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In the Dialogflow forums, you will see that people are constantly asking for help with webhooks. And if someone were to create a good webhook course, supply-demand economics suggests that they could make a tidy profit. So why isn’t there such a course?
The Exponential equation
I have mentioned it in forums before, but the challenge is with the number of variables involved.
As you create a moderately complex webhook, you need to choose three things:
- the programming language
- the database
- the hosting platform/service
Since webhooks are intentionally designed to be extremely flexible, you can choose any suitable technology for any of these three choices. Naturally, people are most likely to stick to what they already know.
Let us suppose there are 10 different popular languages one could choose from. And suppose there are 10 different hosting platforms*. And 5 popular databases that can be used to store the data. That already gives us 10 x 10 x 5 = 500 possible combinations.
You may disagree with these numbers, but even if you tweak and reduce them, you will likely be left with at least 100 combinations.
The small differences do matter
Someone who has been programming for a while will point out that the differences between the choices are very minor. Most programming languages have easy to comprehend syntax. And you should be able to pick up the setup for these hosting platforms in a few days. And so on.
(Already, this means you are making it harder for people new to programming.)
But I think there is another issue. Here is a comment I received on my blog recently:
This seems like a minor issue. This person was able to get the original NodeJS webhook tutorial working. Instead of using the Google Cloud for the straight up deployment, they would instead like to use Firebase HTTP triggers. (To be clear, this article isn’t about this particular comment or commenter. What I am talking about is the challenge of creating documentation for webhooks).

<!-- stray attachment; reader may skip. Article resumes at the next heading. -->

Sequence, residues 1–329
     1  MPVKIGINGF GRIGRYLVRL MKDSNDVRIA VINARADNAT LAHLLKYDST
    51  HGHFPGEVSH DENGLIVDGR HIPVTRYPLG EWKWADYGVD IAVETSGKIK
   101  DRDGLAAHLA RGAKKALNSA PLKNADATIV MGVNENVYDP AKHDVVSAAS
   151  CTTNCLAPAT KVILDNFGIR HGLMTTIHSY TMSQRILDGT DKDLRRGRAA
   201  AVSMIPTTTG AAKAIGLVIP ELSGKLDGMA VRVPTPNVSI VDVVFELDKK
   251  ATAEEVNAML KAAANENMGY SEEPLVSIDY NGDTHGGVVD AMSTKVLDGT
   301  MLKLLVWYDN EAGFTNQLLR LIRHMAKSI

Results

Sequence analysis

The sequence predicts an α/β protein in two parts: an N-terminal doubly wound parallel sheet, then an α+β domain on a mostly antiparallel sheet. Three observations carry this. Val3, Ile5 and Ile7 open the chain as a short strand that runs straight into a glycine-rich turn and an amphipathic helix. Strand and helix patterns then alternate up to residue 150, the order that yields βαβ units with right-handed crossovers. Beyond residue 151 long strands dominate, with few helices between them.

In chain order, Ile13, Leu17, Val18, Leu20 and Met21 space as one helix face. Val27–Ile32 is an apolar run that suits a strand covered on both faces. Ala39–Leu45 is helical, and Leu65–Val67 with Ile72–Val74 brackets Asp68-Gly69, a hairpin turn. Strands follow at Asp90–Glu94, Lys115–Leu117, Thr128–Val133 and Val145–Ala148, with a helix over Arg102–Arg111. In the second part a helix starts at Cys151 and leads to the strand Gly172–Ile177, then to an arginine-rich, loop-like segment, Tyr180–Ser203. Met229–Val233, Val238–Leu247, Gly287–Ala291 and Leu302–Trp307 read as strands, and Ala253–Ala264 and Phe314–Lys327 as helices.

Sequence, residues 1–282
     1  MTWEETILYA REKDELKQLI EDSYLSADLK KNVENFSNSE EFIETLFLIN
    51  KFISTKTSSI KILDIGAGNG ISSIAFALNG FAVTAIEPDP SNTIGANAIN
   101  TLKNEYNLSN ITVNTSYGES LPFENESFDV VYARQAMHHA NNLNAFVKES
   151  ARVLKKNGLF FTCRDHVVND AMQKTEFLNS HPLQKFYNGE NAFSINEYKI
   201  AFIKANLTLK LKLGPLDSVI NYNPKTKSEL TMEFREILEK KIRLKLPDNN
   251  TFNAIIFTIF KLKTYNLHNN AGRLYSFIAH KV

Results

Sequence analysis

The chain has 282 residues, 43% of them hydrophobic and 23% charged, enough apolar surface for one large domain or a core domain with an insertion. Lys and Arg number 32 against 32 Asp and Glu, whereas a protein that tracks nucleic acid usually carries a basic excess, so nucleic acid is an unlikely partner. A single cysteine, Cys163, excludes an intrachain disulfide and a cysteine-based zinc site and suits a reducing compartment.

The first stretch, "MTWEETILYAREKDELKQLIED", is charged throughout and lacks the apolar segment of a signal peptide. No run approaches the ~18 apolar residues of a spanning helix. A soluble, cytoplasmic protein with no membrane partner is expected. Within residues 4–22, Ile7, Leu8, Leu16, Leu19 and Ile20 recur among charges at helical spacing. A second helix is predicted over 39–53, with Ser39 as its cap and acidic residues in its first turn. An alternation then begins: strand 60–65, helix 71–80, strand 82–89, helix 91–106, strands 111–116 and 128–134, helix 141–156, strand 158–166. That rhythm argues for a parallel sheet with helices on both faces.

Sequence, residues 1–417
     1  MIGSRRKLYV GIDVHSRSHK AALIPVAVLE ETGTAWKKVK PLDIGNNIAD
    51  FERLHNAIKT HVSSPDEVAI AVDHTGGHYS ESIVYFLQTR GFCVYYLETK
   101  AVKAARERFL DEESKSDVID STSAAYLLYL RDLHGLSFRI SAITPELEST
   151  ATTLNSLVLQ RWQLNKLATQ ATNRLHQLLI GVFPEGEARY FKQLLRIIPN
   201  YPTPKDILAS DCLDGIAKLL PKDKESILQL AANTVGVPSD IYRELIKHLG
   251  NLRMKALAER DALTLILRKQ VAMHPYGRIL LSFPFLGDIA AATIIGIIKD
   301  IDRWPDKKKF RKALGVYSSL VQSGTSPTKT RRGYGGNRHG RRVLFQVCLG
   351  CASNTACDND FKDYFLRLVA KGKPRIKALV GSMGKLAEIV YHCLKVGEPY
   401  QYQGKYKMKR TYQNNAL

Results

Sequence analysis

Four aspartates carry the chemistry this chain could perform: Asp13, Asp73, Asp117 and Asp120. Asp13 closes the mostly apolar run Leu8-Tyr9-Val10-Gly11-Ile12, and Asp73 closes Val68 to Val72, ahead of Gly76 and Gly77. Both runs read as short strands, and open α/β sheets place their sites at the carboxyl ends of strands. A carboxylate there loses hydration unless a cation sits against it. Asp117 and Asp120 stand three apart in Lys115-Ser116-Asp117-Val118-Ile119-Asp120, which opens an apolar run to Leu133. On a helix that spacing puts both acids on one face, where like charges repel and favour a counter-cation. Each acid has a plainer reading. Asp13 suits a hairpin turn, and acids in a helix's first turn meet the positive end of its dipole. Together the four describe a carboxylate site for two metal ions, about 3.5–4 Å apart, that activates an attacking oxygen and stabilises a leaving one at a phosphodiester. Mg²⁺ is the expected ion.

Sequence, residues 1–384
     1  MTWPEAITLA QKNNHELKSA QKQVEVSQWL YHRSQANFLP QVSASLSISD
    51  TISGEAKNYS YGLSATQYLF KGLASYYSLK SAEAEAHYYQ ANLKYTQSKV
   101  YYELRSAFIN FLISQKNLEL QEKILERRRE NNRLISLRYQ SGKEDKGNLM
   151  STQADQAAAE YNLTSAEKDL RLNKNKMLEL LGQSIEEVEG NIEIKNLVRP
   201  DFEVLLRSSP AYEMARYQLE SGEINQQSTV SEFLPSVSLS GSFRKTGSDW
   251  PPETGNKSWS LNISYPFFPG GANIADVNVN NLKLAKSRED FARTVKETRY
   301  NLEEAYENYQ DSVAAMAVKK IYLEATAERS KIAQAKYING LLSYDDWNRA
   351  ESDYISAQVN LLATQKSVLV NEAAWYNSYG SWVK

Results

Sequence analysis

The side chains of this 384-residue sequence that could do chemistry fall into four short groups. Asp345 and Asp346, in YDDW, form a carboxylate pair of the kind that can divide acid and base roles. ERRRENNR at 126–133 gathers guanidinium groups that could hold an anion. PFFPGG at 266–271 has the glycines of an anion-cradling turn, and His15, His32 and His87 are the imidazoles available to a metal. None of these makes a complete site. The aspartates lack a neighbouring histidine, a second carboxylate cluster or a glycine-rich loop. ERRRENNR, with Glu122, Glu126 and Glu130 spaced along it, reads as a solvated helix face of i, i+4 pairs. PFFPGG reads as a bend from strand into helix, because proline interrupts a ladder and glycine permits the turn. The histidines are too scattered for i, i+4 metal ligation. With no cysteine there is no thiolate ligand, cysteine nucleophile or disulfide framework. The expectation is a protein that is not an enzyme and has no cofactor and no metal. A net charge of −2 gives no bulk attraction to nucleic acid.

Now we come to Firebase.
And Firebase Cloud Functions are basically these functions you can run without provisioning servers, which means they are really scalable.
And look at all the ways you can “invoke” these Cloud Functions
Obviously, Google has left no stone unturned here. 🙂
But it also means that those who are interested in using the Cloud Functions suddenly need to know, if only at a basic level, about 3-4 additional concepts. (You will probably safely ignore things like Crashlytics Triggers at this point).
Back to our commenter.
Suppose I would like to update my sample code to get it working for HTTP Triggers. How much effort does it require? Even if learning and doing it for myself might not take a long time, but there is usually a 3x time multiple when you try to write and teach the same concept.
So what should the people writing the documentation do? And what about those who try to create courses (like me)?
Unfortunately, I am not sure there is a simple solution here. I think this is just an inherent challenge with creating webhooks that are so flexible**. I have been postponing a very basic Webhook course I wanted to create for a few months now because I don’t think it is possible to do justice to the course in a reasonable amount of time (unless I charge, say $500 for the course).
* Containerization can probably help here
** Google is certainly nudging people towards a recommended approach by making the documentation predominantly use Google’s cloud services. The problem though, as you see in the different ways to invoke cloud functions – even Google’s own offerings are a fairly complicated mish-mash, and the documentation for these different offerings are often not caught up with the furious pace at which the services are being improved. In fact, I actually recommend people use the basic Python webhook tutorial on Heroku to get started with the basics – because it is very stable in terms of the documentation!
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